The MTA’s internal watchdog is criticizing the transit agency for putting "on hold" a key measure aimed at curbing overtime abuse — leaving its pay system vulnerable to "unscrupulous managers and employees."
In its latest quarterly report tracking the progress of the Metropolitan Transportation Authority’s overtime reforms, MTA Inspector General Carolyn Pokorny noted that a half-dozen recommendations made by her office and by an outside overtime consultant remain outstanding, more than a year after they were adopted.
Key among them was the integration of a new Kronos biometric time clock system that the MTA aimed at verifying employee time and attendance. The MTA originally planned to have all its employees using the system by January 2020. The agency fell short of that goal, and the effort later was delayed because of the COVID-19 pandemic.
Pokorny said the MTA was set to develop a strategy to get the effort back on track and to integrate the new time clocks with its payroll system. But that effort is "moot" now, because the MTA has tied it to a separate effort to replace two other antiquated timekeeping systems in its subway and bus division, said the report, which called it "disappointing" that the change in plan would come a year after its adoption.
"MTA Management must fully institute the overtime reform recommendations if they want to close the door on time and attendance abuse," Pokorny said in a statement. "I understand that many factors, from the pandemic to institutional resistance, can serve as excuses for not fully implementing our recommendations, but that’s a disservice to our riders and taxpayers."
MTA chief operating officer Mario Peloquin, in a statement, said the agency appreciates Pokorny's "continued focus on overtime reform," and has implemented most of the recommendations of its overtime consultant. He noted that the MTA has a five-year plan to cut overtime costs by $1 billion.
"We are fully committed to complete integration of Kronos as we continue to put the tools in place to validate, monitor and control timekeeping and overtime," Peloquin said.
Addressing the stalled progress with the biometric time clocks, MTA chairman Patrick Foye, testifying at a New York State legislative budget hearing on Tuesday, said "the installation is near completion, while there is work yet to do."
"We will be reporting to the board … about steps that are being taken in response to the IG’s report," Foye said. "We’re very focused on controlling overtime in general and especially abuse of overtime."
Sen. Todd Kaminsky (D-Long Beach), who asked Foye about the delays, said there was "a serious credibility issue on Long Island, when riders are asked to pay more while there’s overtime fraud occurring." The MTA is expected to take up its latest fare increase later this year.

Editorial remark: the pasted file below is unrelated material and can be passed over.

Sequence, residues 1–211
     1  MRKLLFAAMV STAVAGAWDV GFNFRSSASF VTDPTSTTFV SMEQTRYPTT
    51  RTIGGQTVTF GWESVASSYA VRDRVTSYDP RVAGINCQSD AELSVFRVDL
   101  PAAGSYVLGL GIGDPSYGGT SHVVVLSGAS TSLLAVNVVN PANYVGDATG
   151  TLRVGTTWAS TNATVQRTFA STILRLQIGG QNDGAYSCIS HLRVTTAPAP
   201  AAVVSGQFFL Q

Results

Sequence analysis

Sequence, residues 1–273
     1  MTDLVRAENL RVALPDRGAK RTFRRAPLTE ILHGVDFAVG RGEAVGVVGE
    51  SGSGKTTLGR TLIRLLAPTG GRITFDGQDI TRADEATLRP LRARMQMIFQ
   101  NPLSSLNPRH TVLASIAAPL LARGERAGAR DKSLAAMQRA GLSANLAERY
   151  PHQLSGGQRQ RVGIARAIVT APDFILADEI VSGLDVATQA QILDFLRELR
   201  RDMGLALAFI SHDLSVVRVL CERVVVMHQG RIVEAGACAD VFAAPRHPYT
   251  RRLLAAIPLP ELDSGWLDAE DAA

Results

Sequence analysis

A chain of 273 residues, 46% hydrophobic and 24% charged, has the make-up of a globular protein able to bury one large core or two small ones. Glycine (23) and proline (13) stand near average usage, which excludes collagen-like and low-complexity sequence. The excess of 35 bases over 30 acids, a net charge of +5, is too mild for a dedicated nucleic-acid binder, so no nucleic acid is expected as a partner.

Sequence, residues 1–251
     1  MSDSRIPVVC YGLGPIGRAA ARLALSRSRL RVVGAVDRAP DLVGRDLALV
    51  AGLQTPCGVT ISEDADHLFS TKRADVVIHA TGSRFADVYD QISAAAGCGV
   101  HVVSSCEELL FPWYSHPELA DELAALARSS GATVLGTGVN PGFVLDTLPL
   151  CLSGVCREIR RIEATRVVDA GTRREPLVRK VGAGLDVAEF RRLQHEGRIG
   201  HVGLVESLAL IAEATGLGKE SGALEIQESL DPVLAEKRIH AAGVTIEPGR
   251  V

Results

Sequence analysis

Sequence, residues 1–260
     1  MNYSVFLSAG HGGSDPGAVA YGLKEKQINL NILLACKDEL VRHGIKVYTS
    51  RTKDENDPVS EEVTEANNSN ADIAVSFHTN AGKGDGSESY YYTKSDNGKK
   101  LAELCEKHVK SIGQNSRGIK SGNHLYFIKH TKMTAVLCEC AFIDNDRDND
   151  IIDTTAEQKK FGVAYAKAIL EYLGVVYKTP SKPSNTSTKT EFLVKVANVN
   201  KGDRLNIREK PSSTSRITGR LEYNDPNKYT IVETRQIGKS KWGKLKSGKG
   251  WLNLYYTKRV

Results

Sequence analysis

Pokorny’s office — and law enforcement agencies — began looking into potential time and attendance fraud at the MTA last year after a payroll report by the Empire Center for Public Policy revealed alarming overtime rates among the agency’s top earners — particularly at the LIRR. The MTA’s highest-paid employee in 2018, LIRR chief measurement operator Thomas Caputo, made more than $344,000 in overtime, on top of his $117,499 annual salary. He has retired.
Last month, federal prosecutors arrested Caputo and four other current or former MTA employees on overtime fraud charges that allegedly netted them more than $1 million combined pay for time when they were not doing their jobs.
Other overtime reform recommendations yet to be instituted by the MTA include improved electronic record-keeping for authorized overtime shifts, and the creation of "monthly reports of 'high earners' or 'high rollers’ that show employees with excessive daily work hours over many consecutive days."
Anthony Simon, who heads the LIRR’s largest union, questioned why the MTA’s "hundreds of high-level management positions" aren’t among the "high earners" being targeted. He said LIRR laborers "are called to work and follow the directives they are given."
"Our position remains the same: Call us in, or ask us to stay, and we will work. Tell us to punch in and we will. Just appreciate our sacrifice," said Simon, general chairman of the International Association of Sheet Metal, Air, Rail and Transportation Workers. "It’s physically demanding work that requires flexibility to complete projects."
Pokorny’s report did commend the LIRR for its "notable work in addressing some overtime reform recommendations," including by creating a system to track the progress of adopted reforms, and holding monthly meetings with the railroad president to discuss them.
According to the MTA’s latest financial report, the agency spent $916 million on overtime in 2020 — a decrease of about 32% from the previous year. The agency attributed the improvement to "tighter management controls," as well as lower maintenance costs and reduced schedules stemming from the coronavirus pandemic.